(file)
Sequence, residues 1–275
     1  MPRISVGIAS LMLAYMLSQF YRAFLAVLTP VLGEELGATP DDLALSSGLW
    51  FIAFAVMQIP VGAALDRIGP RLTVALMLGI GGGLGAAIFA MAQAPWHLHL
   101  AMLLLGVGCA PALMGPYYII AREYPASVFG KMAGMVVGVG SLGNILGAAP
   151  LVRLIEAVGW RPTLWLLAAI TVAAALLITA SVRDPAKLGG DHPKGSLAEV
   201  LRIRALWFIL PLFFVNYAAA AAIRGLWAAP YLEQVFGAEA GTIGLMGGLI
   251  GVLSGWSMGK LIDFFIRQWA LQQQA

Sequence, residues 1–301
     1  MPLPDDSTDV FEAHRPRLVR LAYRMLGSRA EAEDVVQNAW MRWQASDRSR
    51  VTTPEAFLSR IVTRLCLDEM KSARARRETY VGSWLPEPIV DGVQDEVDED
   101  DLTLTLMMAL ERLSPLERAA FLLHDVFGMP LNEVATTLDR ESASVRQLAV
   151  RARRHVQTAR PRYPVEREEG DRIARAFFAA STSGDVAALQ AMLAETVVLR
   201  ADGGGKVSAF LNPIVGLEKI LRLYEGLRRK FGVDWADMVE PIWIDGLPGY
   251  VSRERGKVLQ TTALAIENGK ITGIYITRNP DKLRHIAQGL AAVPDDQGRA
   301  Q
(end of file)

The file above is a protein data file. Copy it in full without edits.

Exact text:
Sequence, residues 1–275
     1  MPRISVGIAS LMLAYMLSQF YRAFLAVLTP VLGEELGATP DDLALSSGLW
    51  FIAFAVMQIP VGAALDRIGP RLTVALMLGI GGGLGAAIFA MAQAPWHLHL
   101  AMLLLGVGCA PALMGPYYII AREYPASVFG KMAGMVVGVG SLGNILGAAP
   151  LVRLIEAVGW RPTLWLLAAI TVAAALLITA SVRDPAKLGG DHPKGSLAEV
   201  LRIRALWFIL PLFFVNYAAA AAIRGLWAAP YLEQVFGAEA GTIGLMGGLI
   251  GVLSGWSMGK LIDFFIRQWA LQQQA

Sequence, residues 1–301
     1  MPLPDDSTDV FEAHRPRLVR LAYRMLGSRA EAEDVVQNAW MRWQASDRSR
    51  VTTPEAFLSR IVTRLCLDEM KSARARRETY VGSWLPEPIV DGVQDEVDED
   101  DLTLTLMMAL ERLSPLERAA FLLHDVFGMP LNEVATTLDR ESASVRQLAV
   151  RARRHVQTAR PRYPVEREEG DRIARAFFAA STSGDVAALQ AMLAETVVLR
   201  ADGGGKVSAF LNPIVGLEKI LRLYEGLRRK FGVDWADMVE PIWIDGLPGY
   251  VSRERGKVLQ TTALAIENGK ITGIYITRNP DKLRHIAQGL AAVPDDQGRA
   301  Q